In December 1939 the Deputy Führer Rudolf Hess performed the ground-breaking ceremony for the Oder-Danube Canal, with Austria, Poland and the Protectorate of Bohemia and Moravia already under German control,. Besides connecting the Oder and the Danube, resulting in a nonstop waterway from the Baltic Sea to the Black Sea, spatial planning authorities, he saw the canal as a fundamental addition for the ‘second Ruhr valley in the East’ (Upper Silesia). The outcome of this connection would have been a widely expanded trade between northern and southern Europe. The trade might become then faster and cheaper, a wide array of strategic materials like coal, ore, petroleum and petrol would have been accessible for industry and armed forces. Due to the war progress the work on the canal had to be discontinued in 1940. One of the profiteers of the canal should have been the seaport in Szczecin, located at the intersection of the Oder and the Baltic Sea. Therefore a think tank called the ‘Oder-Donau-Institut’ has been found to deliver scientific arguments reinstating the work on the canal under the lead management of the economic chamber of Pomerania (Szczecin) in close contact with the University of Greifswald. The director of the institute was Heinz Seraphim, professor for political economy at the University of Greifswald. Under his leadership, the well-financed institute started to work not only for the economic interests of the economic chamber but also for the SS-Reichssicherheitshauptamt.
The article outlines the conceptual assumptions of pedagogy underlying university education, re-defined with regard to the dynamic conditions underlying contemporary culture. The authors concentrate on constitutive educational forms that define the nature of semiosis in education, as well as their exposure and transformation. In connection with this, there is a focus on the concept of “symbolic politics”, which aims to liberalize the practice of pedagogy, freeing it from the dictatorship of a transmission form of education, as well as creating conditions for strengthening discursive relationships and a reflexive discursive attitude. As a result of the implementation of this form of symbolic politics, those involved in education do not promote the prevailing discourse but become agents capable of discursive reflection in action as well as participants in processes of discursive design and creation.
In knowledge based economy, which actually reflects the knowledge oriented modern society, career development of its members becomes the key factor, same as investing in career “portfolio”. In the article a career construct is invoked as an individual’s property considering individual career choices, individual career development planning and monitoring strategies. When addressing career related matter, one cannot overlook the issue of subjective meaning given to a career in the context of satisfactory outcome and success achievement experienced by the subject. Cognitively interesting issue addressed by the author are the results of research into evaluation of one’s own chances to succeed from the perspective of university students who are in the transition period from academic education to entering a job market.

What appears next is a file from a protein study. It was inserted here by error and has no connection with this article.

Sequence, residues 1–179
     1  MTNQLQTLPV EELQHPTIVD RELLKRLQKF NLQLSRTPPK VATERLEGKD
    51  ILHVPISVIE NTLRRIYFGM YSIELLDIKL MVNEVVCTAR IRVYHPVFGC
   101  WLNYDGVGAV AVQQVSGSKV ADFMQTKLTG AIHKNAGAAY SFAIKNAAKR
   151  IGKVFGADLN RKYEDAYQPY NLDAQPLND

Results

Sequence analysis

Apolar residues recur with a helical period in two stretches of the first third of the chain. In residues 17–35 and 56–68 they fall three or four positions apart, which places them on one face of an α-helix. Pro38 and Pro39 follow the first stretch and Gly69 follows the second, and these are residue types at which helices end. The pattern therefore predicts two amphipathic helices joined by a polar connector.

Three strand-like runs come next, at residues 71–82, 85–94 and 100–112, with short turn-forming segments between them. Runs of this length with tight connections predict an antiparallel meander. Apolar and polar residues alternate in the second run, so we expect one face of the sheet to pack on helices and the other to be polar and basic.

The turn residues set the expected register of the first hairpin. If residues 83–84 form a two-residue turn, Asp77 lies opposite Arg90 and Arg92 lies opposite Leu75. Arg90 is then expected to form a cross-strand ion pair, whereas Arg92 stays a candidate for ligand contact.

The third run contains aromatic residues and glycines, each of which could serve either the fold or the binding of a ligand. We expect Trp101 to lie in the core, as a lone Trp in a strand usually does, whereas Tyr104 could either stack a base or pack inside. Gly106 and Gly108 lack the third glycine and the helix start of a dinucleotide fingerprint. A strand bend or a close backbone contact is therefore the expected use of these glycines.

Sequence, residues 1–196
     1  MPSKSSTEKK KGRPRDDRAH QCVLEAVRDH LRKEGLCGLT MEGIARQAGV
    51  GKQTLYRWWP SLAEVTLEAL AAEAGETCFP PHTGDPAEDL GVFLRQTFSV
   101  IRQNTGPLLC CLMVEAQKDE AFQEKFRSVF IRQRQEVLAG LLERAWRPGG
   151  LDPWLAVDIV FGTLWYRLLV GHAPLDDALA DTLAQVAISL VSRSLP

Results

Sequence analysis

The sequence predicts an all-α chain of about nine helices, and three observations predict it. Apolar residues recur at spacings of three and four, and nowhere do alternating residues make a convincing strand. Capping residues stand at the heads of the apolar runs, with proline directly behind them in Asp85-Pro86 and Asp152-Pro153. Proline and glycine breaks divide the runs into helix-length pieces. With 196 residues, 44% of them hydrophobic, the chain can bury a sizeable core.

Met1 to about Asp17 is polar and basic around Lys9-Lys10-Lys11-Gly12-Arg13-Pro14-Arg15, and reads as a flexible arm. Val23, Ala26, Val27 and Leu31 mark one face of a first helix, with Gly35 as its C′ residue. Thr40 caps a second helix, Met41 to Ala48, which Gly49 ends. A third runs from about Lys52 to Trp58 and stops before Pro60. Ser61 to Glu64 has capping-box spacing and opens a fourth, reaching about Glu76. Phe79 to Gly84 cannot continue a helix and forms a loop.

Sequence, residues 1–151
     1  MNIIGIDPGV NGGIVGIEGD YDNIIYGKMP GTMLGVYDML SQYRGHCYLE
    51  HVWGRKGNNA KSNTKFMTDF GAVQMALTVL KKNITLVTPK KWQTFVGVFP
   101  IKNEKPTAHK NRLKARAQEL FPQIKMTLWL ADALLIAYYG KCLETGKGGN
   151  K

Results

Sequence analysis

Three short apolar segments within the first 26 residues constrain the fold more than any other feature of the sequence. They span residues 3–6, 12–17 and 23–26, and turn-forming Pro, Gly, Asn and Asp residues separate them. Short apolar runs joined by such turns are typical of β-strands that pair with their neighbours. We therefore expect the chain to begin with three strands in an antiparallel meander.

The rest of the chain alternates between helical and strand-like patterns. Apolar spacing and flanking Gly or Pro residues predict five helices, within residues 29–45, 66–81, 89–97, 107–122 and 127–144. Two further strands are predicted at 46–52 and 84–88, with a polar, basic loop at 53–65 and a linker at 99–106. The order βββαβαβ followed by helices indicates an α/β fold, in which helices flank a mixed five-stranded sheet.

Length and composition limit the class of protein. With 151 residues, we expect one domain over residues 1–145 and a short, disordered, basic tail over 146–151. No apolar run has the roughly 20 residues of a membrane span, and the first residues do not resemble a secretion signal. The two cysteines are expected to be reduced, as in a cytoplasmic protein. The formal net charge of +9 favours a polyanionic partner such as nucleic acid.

On November 2, 2018, an outstanding Polish medievalist Jerzy Lesław Wyrozumski died in Kraków; he was born on March 7, 1930 in Trembowla (now Ukraine). He graduated in 1955 with a degree in history at the Jagiellonian University. He wrote his master's thesis and doctoral dissertation under the supervision of Roman Grodecki. In 1981 he received the title of professor; he was dean of the Faculty of Philosophy and History in the years 1981–1987, and from 1987 to 1990 he was the prorector of the Jagiellonian University. He published over 600 scholarly books, articles and reviews.
The presented material is a concise report of the research on the ‘condition’ of initial teacher education provided at universities in Poland in accordance with ‘new’ Ministry standards of 17 January 2012. In the analysis of data collected from 30 universities in May 2015, we focused on models of the organisation of this part of teaching at universities, the ways of constructing the professional curricula, the role and place of practice in the learning processes and the strategy of assessment of the preparation for teaching. Our research result is not quite optimistic. Under the ‘new label’ of standards we still have quasi-traditional approach to initial teacher education. In acquiring the new professional competencies students do not get real support from their academic and school partners. They are not very interesting in building opportunities for transforming learning aiming at transforming teaching